Every year, it happens like clockwork: I publish my six-month-long, data-driven analysis of how Android device-makers are doing when it comes to getting operating system updates onto their phones — and within a matter of hours, the standard responses start a-rollin’ in:
I don’t need any of the features from Pie, and my phone already had some of ’em, anyway — so what’s the difference?
I doubt anyone who owns a Samsung phone even knows what version of Android their phone is running, so who cares?
Whatever. Android upgrades don’t even matter anymore.
For some reason, seeing cold, hard data about how long it takes phone-makers to provide post-sales software support really gets a certain subset of people all riled up. Since my latest Android Upgrade Report Card, focused on Pie, just came out the other day, I thought I’d take a few minutes to address this curious and consistent drive to defend what should be a universally indefensible indifference from the companies to which we pay hundreds of our hard-earned dollars.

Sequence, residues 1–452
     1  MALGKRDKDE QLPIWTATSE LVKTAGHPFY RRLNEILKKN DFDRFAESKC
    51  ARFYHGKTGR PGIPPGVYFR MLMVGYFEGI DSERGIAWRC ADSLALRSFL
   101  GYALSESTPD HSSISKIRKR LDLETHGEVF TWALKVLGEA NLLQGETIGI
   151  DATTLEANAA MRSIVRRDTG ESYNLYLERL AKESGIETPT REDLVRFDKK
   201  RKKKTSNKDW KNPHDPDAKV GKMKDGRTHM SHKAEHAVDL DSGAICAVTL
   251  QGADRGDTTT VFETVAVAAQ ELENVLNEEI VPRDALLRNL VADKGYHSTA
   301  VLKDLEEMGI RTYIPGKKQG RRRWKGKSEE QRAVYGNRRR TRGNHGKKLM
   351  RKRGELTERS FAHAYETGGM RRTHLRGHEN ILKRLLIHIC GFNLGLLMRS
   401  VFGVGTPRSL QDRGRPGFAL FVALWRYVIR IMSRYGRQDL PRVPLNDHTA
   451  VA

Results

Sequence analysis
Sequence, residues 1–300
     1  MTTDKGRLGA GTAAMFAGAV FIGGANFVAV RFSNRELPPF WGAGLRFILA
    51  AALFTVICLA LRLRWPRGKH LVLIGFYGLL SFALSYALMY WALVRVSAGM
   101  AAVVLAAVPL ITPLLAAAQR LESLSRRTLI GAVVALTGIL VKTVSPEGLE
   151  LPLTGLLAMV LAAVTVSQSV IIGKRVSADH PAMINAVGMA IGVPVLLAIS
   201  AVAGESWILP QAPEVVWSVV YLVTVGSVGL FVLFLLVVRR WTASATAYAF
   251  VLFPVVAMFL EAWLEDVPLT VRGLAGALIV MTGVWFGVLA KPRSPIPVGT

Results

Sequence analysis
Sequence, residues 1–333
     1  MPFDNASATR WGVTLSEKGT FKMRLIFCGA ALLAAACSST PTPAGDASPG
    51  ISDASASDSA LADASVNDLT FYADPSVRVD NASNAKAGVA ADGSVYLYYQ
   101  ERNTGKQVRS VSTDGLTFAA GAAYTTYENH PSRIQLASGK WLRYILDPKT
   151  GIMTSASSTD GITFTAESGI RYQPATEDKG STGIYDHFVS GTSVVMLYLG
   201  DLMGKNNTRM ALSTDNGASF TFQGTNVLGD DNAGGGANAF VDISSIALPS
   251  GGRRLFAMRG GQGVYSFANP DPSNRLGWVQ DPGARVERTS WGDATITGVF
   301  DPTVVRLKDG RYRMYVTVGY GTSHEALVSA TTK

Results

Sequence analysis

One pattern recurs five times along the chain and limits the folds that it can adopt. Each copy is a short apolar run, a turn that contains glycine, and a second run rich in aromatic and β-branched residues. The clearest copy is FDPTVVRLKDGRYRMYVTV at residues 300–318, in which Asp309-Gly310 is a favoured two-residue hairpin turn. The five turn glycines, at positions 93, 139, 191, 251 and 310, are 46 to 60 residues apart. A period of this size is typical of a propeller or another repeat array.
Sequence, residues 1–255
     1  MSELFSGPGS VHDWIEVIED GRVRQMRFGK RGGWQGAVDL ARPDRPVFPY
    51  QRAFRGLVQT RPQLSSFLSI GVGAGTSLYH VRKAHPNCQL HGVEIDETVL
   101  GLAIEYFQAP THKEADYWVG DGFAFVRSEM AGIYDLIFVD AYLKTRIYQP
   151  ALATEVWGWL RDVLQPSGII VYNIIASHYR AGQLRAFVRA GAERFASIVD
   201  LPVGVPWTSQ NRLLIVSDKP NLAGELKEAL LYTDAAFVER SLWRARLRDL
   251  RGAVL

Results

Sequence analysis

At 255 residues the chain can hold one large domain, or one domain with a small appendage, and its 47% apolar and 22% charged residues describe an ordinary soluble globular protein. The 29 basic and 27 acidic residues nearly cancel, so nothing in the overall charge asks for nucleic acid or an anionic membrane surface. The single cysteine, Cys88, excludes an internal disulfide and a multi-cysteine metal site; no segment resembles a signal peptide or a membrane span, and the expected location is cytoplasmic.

Let’s make it simple, shall we? You may or may not care about an Android update’s marquee features or interface changes, but such front-facing elements aren’t all an OS release entails. New Android versions almost always contain significant under-the-hood improvements along with important security and privacy enhancements — things that go beyond the little fixes provided in those separate monthly patches. They also introduce both expansions and restrictions to APIs, which are what permit third-party apps to interact with your phone and data and perform a variety of advanced functions.